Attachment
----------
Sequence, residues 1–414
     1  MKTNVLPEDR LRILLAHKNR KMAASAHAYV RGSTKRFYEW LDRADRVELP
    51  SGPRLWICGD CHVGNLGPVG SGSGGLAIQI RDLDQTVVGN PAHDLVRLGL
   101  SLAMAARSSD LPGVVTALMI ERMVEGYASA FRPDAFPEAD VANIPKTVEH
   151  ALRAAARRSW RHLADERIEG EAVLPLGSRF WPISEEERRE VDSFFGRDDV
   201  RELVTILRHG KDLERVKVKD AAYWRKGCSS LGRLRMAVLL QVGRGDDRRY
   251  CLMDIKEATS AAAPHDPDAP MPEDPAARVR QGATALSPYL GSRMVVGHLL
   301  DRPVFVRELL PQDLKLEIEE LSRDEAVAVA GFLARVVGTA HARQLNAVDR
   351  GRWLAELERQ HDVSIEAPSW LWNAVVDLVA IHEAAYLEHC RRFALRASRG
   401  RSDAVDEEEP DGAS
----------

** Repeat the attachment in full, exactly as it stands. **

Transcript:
Sequence, residues 1–414
     1  MKTNVLPEDR LRILLAHKNR KMAASAHAYV RGSTKRFYEW LDRADRVELP
    51  SGPRLWICGD CHVGNLGPVG SGSGGLAIQI RDLDQTVVGN PAHDLVRLGL
   101  SLAMAARSSD LPGVVTALMI ERMVEGYASA FRPDAFPEAD VANIPKTVEH
   151  ALRAAARRSW RHLADERIEG EAVLPLGSRF WPISEEERRE VDSFFGRDDV
   201  RELVTILRHG KDLERVKVKD AAYWRKGCSS LGRLRMAVLL QVGRGDDRRY
   251  CLMDIKEATS AAAPHDPDAP MPEDPAARVR QGATALSPYL GSRMVVGHLL
   301  DRPVFVRELL PQDLKLEIEE LSRDEAVAVA GFLARVVGTA HARQLNAVDR
   351  GRWLAELERQ HDVSIEAPSW LWNAVVDLVA IHEAAYLEHC RRFALRASRG
   401  RSDAVDEEEP DGAS